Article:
Browse by author
Lookup NU author(s): Professor Timothy Cheetham
This work is licensed under a Creative Commons Attribution 4.0 International License (CC BY 4.0).
© 2020 Yau et al. This is an open access article distributed under the terms of the Creative Commons Attribution License, which permits unrestricted use, distribution, and reproduction in any medium, provided the original author and source are credited.Congenital hyperinsulinism (CHI) is a significant cause of hypoglycaemia in neonates and infants with the potential for permanent neurologic injury. Accurate calculations of the incidence of rare diseases such as CHI are important as they inform health care planning and can aid interpretation of genetic testing results when assessing the frequency of variants in large-scale, unselected sequencing databases. Whilst minimal incidence rates have been calculated for four European countries, the incidence of CHI in the UK is not known. In this study we have used referral rates to a central laboratory for genetic testing and annual birth rates from census data to calculate the minimal incidence of CHI within the UK from 2007 to 2016. CHI was diagnosed in 278 individuals based on inappropriately detectable insulin and/or C-peptide measurements at the time of hypoglycaemia which persisted beyond 6 months of age. From these data, we have calculated a minimum incidence of 1 in 28,389 live births for CHI in the UK. This is comparable to estimates from other outbred populations and provides an accurate estimate that will aid both health care provision and interpretation of genetic results, which will help advance our understanding of CHI.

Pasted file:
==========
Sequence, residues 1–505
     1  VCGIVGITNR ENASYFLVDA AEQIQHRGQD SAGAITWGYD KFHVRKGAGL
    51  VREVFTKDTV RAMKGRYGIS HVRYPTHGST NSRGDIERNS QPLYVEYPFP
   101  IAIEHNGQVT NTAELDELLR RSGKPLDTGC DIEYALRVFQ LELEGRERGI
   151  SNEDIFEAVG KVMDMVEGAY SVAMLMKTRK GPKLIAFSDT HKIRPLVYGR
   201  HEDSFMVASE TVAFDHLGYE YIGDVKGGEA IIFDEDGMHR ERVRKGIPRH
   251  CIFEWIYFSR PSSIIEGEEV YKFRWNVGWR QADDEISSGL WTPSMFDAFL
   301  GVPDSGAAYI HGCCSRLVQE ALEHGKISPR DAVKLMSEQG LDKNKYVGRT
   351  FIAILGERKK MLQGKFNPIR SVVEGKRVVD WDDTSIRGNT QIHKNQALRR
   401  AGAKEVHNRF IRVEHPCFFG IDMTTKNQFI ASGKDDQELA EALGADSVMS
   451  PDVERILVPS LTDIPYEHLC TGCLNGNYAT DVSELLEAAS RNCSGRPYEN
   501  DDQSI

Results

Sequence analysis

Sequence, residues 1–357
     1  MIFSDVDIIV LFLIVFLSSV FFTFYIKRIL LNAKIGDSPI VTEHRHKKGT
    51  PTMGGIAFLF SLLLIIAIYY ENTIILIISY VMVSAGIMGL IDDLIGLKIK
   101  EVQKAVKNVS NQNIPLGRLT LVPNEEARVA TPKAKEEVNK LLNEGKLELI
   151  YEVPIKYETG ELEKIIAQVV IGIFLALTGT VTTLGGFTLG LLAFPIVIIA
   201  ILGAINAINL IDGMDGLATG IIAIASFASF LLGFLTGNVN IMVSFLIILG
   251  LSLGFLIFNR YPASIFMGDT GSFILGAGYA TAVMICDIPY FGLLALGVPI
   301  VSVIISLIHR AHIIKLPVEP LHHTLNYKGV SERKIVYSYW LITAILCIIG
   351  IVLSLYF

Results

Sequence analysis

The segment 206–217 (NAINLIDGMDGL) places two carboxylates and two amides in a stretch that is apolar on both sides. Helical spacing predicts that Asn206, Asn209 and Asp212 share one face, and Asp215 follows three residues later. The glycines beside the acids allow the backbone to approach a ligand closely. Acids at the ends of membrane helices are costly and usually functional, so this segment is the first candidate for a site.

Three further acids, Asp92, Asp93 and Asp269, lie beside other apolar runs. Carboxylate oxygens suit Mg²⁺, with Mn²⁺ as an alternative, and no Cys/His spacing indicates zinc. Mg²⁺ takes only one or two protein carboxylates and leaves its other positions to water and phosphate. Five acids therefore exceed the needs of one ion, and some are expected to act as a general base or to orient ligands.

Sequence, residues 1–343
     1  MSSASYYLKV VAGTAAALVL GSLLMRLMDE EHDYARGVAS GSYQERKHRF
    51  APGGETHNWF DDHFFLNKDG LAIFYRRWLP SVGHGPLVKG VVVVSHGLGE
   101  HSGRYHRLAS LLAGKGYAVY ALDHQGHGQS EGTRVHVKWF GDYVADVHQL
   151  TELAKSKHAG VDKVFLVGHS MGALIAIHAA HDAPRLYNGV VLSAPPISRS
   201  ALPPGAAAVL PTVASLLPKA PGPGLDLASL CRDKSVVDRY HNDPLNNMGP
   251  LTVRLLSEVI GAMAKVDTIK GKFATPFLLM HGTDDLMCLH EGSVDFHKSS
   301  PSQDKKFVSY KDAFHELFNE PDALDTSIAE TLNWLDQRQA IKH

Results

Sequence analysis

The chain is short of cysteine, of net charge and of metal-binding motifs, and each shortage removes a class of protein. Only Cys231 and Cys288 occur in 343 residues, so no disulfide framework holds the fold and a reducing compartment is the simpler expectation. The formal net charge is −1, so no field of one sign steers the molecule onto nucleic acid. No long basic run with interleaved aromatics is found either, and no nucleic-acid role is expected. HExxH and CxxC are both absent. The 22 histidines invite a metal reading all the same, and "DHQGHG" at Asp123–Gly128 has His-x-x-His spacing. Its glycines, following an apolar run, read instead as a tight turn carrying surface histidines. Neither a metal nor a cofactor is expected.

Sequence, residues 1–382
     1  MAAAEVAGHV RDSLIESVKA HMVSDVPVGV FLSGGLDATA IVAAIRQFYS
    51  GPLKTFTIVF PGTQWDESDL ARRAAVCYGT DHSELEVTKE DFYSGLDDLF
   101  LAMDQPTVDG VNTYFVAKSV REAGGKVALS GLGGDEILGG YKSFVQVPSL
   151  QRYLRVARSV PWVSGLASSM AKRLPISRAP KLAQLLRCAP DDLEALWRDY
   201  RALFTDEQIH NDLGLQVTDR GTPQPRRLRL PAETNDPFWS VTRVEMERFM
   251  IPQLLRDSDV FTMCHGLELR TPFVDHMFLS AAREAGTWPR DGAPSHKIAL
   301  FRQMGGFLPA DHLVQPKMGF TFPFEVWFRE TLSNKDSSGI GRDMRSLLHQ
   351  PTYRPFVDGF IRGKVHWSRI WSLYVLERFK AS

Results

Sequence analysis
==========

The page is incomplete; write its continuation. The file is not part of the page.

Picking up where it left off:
Author(s): Yau D, Laver TW, Dastamani A, Senniappan S, Houghton JAL, Shaikh G, Cheetham T, Mushtaq T, Kapoor RR, Randell T, Ellard S, Shah P, Banerjee I, Flanagan SE
Publication type: Article
Publication status: Published
Journal: PLoS ONE
Online publication date: 06/02/2020
Acceptance date: 14/01/2020
Date deposited: 17/02/2020
ISSN (electronic): 1932-6203
Publisher: Public Library of Science
PubMed id: 32027664
Altmetrics provided by Altmetric